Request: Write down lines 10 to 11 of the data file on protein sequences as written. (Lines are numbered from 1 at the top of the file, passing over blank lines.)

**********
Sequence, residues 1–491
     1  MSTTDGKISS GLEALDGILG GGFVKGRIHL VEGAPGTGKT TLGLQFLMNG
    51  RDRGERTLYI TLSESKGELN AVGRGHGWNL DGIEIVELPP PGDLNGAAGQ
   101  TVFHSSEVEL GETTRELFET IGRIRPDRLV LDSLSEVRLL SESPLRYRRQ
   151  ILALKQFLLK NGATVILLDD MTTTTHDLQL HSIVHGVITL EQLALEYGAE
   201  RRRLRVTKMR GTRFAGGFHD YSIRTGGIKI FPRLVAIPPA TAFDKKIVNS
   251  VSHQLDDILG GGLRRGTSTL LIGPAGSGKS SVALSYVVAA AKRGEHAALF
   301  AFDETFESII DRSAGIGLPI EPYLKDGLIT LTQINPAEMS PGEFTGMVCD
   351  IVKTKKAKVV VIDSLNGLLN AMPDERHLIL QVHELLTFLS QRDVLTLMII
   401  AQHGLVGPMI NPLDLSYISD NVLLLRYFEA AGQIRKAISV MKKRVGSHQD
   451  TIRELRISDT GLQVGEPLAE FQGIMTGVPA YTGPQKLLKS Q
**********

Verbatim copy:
   401  AQHGLVGPMI NPLDLSYISD NVLLLRYFEA AGQIRKAISV MKKRVGSHQD
   451  TIRELRISDT GLQVGEPLAE FQGIMTGVPA YTGPQKLLKS Q